THE LAST HOLIDAY is an updated remake of the 1950 film of the same name that boasted a screenplay by J.B. Priestly and Alec Guiness in the starring role. Naturally, one approaches the remake with trepidation. And yet, in a move as cleverly rendered as the original film, the filmmakers have made a few changes, but kept the spirit of the original intact.
The George Byrd of the original is now Georgia Byrd (Queen Latifah) and it’s Georgia’s shoes that say it all: plain, sensible and slightly worn but still perfectly serviceable. The feet on which they reside belong to a quiet and unassuming sales associate whose days are spent in the housewares section of Kragen’s department store in New Orleans where she secretly pines for Sean (LL Cool J). Her nights are spent following along with Emeril on television as she whips up gourmet meals that she feeds to the neighbor kid while she herself chows down low-calorie frozen dinners that she picks up from the corner store on the way home. She has big plans, all of them catalogued in an album that she has lovingly created, and where they have all gone to ground because Georgia is just too sensible to do any of them. At least until a crush-related head injury (Sean had been talking to her) results in a CAT scan and a dire diagnosis. Never mind the disease, Georgia’s got three weeks to live and so that’s exactly what she does. She incisively tells off her condescending, cell-phone addicted boss, and books a trip to the Czech Republic in order spend Christmas and New Year’s (hence the title) dining on the cuisine of Chef Didier (Gerard Depardieu), whom she idolizes, and pampering herself in five-star luxury hotel where he works because, as she has found out the hard way, there is literally no time like the present.
Unjaded, delighted with her surroundings, and hungry for everything that she’s missed out on until then, she charms the staff there at the Hotel Pupp (pronounced less like the canine and more like what it deposits). And that’s the secret of the film. It charms the audience the way Georgia charms the staff and everyone else she comes in contact with. Except, of course Kragen (Tim Hutton doing a credible job of being the film’s weasel), the eponymous owner of, among many other things, the establishment where she used to work, who is there with a woman not his wife (Alicia Witt). He can’t quite figure out what her angle is, the which he assumes that she has because he always does. That she doesn’t is outside his paradigm. She is exactly what she seems to be, out for a good time and unafraid of anything, be it base jumping or butter.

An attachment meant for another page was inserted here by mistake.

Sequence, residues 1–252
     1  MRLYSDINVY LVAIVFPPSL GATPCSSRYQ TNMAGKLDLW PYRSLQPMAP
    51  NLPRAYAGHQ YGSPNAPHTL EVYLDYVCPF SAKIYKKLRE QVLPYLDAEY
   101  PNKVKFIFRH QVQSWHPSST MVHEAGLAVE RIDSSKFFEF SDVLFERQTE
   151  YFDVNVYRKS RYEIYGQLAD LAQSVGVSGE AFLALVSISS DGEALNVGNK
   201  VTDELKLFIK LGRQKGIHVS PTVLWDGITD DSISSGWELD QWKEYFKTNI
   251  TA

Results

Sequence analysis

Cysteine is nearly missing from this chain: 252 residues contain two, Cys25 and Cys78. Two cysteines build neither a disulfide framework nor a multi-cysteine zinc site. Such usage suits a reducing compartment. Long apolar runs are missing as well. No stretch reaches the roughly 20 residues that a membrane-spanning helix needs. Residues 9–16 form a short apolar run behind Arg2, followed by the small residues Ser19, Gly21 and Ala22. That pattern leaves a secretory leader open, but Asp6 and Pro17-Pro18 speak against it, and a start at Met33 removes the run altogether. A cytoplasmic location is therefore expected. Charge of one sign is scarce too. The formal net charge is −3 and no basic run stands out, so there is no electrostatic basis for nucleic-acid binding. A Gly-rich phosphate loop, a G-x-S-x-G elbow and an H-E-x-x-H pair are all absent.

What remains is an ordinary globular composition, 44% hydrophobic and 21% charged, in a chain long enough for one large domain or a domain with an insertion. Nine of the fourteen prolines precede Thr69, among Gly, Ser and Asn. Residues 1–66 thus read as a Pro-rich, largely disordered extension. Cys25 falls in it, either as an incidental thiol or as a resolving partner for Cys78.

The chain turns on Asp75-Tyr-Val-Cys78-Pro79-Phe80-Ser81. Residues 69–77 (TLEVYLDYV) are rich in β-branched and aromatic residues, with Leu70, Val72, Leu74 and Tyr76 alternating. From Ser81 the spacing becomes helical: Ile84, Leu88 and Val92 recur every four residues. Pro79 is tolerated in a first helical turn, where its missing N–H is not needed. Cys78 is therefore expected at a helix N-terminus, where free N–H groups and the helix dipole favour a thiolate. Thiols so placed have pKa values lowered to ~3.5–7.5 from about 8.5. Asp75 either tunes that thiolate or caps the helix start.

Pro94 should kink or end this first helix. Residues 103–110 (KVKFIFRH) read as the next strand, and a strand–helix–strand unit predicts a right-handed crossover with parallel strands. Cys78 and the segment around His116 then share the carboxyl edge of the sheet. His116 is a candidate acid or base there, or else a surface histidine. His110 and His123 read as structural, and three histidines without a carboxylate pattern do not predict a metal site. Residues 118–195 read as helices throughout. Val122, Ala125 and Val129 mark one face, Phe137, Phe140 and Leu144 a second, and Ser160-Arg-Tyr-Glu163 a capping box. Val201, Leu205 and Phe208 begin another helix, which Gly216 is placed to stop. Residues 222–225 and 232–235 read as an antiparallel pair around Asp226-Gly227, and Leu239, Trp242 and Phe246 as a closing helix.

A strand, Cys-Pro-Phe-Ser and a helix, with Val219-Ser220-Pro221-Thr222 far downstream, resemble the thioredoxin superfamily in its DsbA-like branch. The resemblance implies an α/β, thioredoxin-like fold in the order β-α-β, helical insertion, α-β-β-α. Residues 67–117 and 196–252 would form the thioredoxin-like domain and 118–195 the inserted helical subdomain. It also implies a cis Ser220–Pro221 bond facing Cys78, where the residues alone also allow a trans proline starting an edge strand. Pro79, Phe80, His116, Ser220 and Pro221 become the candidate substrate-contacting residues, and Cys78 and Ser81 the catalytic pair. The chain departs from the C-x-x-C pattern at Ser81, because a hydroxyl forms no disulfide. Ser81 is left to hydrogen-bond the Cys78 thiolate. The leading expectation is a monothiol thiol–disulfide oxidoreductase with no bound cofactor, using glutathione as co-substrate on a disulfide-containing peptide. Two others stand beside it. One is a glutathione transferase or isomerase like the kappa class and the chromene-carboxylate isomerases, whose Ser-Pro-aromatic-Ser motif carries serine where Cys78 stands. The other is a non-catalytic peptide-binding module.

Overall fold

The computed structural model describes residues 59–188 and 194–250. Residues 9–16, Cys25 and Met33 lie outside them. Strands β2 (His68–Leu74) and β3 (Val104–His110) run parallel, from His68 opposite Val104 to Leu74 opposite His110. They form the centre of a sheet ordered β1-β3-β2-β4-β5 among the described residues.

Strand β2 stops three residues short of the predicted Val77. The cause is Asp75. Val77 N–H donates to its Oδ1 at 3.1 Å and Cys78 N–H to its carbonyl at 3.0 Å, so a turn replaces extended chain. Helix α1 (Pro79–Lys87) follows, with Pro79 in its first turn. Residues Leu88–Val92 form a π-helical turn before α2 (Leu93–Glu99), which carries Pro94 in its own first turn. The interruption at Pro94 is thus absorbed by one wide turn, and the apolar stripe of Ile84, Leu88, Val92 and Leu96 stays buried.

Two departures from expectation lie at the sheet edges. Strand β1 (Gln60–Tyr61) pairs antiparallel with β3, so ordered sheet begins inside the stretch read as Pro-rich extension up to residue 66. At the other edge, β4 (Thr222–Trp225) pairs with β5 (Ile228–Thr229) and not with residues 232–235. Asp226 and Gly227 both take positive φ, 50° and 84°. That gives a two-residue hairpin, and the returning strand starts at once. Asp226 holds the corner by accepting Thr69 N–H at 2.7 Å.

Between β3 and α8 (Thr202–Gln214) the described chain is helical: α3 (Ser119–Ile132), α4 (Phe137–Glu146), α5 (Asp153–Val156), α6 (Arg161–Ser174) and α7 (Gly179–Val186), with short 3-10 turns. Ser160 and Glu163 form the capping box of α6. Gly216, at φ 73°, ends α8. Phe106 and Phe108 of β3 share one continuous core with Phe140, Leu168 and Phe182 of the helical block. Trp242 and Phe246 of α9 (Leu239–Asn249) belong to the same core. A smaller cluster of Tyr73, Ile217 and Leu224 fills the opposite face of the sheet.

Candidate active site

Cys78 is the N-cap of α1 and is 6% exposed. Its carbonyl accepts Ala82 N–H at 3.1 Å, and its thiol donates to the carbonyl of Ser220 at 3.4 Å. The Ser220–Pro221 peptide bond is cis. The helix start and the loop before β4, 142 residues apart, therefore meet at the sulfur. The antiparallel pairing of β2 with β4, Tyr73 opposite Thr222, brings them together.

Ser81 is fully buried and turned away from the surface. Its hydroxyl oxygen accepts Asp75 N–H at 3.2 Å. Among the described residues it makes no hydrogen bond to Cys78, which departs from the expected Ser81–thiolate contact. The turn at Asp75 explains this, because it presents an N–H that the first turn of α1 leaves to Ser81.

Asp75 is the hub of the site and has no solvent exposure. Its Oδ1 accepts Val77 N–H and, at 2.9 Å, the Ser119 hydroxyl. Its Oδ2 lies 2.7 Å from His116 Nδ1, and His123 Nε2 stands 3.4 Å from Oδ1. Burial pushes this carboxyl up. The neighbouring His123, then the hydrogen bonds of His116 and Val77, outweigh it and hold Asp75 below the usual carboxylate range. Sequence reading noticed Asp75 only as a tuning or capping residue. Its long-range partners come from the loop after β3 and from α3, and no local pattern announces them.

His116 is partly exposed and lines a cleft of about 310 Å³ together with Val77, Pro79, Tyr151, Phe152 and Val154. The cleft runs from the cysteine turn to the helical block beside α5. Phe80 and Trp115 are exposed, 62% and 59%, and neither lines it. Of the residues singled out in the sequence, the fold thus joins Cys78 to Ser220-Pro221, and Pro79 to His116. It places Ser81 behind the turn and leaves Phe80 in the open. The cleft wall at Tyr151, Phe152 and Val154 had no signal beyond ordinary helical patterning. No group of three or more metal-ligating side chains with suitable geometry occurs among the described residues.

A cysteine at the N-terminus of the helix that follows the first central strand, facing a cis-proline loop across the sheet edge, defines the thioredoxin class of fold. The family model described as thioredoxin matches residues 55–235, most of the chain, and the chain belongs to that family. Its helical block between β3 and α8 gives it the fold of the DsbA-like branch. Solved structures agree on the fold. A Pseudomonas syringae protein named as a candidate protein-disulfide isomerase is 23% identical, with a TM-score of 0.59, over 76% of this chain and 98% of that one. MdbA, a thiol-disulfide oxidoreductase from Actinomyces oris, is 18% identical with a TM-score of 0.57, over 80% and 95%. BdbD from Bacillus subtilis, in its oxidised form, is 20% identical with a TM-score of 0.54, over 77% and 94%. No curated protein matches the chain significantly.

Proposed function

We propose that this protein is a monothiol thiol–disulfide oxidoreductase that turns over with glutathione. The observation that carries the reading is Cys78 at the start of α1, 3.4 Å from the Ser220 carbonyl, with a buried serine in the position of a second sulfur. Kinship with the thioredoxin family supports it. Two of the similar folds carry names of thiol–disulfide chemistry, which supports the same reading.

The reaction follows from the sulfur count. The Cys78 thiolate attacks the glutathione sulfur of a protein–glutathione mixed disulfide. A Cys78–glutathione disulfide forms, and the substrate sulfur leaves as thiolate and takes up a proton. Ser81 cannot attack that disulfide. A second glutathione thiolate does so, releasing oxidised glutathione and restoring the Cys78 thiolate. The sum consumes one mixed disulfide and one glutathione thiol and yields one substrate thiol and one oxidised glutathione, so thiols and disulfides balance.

There are a great many coincidences in this film, and a story line that doesn’t really surprise so much as confirm audience expectations. It doesn’t matter. The Queen is a star with her screen presence, and a credible thespian making Georgia sweet but not a patsy. When she tells someone off, and she gets the chance several times, it’s done without prevarication, but there is the undeniable sense that she is doing them a favor by pointing out their failings, and what’s more, that they are the better off for having heard it. The supporting cast measures up, with Witt, as Ms Burns, Kragen’s feckless mistress coming up with more than the one-joke character a less-skilled actress would have made her, and Gerard Depardieu as the gently cranky, sublimely eccentric chef who finds a kindred spirit in Georgia, all but swooning into his blood-orange relish over her.
LAST HOLIDAY is a slight film, sometimes droll, sometimes whimsical, and usually sharp. Yet this sweet little film can barely bring itself to utter a profanity (one, spoken twice), or dwell on what it is exactly that Ms Burns has been doing to cause such a pain in her neck. Get past the Food Network tie-in, it’s mostly painless, pack a lunch, the loving, lingering shots of haute cuisine will pique quite an appetite, and surrender to the charm.